1470: "Kix"

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1470: "Kix"

Postby Dr What » Wed Jan 07, 2015 5:51 am UTC

Image
title="My parents sent me to several years of intensive Kix test prep."

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Re: 1470: "Kix"

Postby PracticalM » Wed Jan 07, 2015 6:02 am UTC

I've had it with these mother fucking Kix on this mother fucking plane.

Not sure why I had to say that but it was funny to me at the time.

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Re: 1470: "Kix"

Postby Eternal Density » Wed Jan 07, 2015 6:44 am UTC

What's a Kix??
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Re: 1470: "Kix"

Postby Angua » Wed Jan 07, 2015 6:49 am UTC

Type of cereal. Slogan: Kid tested, mother approved.
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Re: 1470: "Kix"

Postby Pfhorrest » Wed Jan 07, 2015 7:01 am UTC

I like to get my Kix out on Route 66.
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Re: 1470: "Kix"

Postby Story » Wed Jan 07, 2015 7:18 am UTC

So that's where that came from. I only know about it due to Cards Against Humanity, where "Kid tested, mother approved" ended up paired with "a coathanger".

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Re: 1470: "Kix"

Postby azule » Wed Jan 07, 2015 8:01 am UTC

How is Kix not everywhere? Maybe you xuys have differently named clone?

Story wrote:So that's where that came from. I only know about it due to Cards Against Humanity, where "Kid tested, mother approved" ended up paired with "a coathanger".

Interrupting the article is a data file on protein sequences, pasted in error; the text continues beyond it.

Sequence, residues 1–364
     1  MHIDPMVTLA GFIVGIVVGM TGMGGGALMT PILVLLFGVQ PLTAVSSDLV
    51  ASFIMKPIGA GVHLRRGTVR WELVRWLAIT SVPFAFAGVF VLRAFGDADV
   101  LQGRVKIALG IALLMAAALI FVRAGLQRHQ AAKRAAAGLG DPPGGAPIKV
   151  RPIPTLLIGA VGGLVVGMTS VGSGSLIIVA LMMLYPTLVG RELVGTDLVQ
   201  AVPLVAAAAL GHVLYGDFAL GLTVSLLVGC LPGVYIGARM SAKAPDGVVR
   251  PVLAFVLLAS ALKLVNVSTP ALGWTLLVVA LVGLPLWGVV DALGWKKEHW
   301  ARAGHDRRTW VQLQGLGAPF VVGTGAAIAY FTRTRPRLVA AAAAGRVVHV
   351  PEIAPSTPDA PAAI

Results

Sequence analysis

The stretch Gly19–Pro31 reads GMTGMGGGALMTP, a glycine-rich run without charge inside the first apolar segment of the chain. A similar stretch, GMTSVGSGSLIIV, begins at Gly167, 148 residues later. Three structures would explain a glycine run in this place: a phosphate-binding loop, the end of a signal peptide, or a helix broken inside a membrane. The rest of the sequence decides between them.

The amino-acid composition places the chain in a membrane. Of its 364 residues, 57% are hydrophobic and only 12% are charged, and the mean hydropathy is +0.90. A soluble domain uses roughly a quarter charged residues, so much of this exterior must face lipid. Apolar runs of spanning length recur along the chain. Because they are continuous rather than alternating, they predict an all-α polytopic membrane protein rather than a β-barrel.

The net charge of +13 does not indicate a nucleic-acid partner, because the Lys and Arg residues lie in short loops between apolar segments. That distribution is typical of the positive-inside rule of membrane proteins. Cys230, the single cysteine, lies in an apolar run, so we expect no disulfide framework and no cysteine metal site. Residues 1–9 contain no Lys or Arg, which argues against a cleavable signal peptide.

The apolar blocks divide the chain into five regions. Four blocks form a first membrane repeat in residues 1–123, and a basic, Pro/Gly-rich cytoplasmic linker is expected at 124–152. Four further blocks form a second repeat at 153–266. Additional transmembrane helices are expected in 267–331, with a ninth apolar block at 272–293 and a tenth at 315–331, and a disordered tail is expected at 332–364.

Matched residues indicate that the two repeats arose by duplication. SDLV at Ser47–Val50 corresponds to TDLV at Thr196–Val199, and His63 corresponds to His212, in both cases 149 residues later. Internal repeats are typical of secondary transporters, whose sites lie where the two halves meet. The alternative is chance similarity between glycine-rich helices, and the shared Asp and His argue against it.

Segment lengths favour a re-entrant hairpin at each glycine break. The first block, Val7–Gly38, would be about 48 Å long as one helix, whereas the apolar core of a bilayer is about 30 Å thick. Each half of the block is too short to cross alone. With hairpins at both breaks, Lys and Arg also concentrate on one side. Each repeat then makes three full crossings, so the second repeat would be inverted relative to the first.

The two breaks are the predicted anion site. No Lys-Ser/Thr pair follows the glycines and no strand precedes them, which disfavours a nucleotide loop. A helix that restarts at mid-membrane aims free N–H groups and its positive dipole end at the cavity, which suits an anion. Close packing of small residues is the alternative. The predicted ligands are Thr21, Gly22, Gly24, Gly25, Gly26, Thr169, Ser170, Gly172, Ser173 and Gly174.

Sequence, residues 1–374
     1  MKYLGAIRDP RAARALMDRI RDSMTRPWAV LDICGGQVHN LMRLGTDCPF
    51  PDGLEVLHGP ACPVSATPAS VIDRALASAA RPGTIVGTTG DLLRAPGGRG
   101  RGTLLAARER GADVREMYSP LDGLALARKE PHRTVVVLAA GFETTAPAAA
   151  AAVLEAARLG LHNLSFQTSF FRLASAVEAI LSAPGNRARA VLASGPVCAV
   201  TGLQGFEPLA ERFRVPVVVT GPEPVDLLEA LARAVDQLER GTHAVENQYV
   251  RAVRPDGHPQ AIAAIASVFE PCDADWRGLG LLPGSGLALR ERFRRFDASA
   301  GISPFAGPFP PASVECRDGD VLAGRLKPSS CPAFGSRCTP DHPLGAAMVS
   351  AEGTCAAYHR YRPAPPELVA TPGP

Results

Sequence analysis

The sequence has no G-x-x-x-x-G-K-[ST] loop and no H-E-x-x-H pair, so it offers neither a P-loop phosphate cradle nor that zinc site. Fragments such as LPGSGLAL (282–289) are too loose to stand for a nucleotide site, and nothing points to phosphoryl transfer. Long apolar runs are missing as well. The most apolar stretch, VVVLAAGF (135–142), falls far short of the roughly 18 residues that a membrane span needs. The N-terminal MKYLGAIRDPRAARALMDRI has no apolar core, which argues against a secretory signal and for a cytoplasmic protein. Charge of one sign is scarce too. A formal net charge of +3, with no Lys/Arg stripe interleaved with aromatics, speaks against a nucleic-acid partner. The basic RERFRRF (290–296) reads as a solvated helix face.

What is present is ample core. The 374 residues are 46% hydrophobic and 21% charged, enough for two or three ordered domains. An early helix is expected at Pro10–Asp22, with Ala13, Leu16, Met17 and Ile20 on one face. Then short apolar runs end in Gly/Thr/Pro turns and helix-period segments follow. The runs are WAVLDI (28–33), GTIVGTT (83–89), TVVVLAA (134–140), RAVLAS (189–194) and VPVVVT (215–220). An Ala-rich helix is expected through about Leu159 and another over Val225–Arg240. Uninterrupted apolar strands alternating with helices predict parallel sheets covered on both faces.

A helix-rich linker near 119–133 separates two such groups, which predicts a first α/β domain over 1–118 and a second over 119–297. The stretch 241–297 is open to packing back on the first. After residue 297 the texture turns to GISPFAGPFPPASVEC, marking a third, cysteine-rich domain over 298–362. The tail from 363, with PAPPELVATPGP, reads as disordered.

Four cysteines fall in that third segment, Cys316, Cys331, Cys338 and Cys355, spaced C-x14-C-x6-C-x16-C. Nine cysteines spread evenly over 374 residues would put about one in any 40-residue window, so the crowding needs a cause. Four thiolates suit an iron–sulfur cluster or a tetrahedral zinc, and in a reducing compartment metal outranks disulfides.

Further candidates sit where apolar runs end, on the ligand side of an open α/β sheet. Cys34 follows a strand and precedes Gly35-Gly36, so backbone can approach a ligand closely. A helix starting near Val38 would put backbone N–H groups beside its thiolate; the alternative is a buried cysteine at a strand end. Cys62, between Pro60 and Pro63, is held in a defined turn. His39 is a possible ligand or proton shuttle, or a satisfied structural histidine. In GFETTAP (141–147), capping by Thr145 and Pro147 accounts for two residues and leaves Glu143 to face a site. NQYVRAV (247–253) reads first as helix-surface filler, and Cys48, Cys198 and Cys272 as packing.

Cheerful. "Coathangers", they're triangulartastic!
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Re: 1470: "Kix"

Postby mric » Wed Jan 07, 2015 8:04 am UTC

I don't mind XKCD comics that I don't get because I don't know something even slightly worth knowing. I get mildly bored by the few that require the reader to have lived in the US. 30% of the readership (from outside the US, info from Alexa) will look at this comic and give a disappointed shrug.

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Re: 1470: "Kix"

Postby Khrushy » Wed Jan 07, 2015 8:36 am UTC

mric wrote:30% of the readership (from outside the US, info from Alexa) will look at this comic and give a disappointed shrug.


Never fear, a few of us will come here for the salvation of learning wtf a Kix is.

And then likely never use that information again.
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Re: 1470: "Kix"

Postby da Doctah » Wed Jan 07, 2015 8:38 am UTC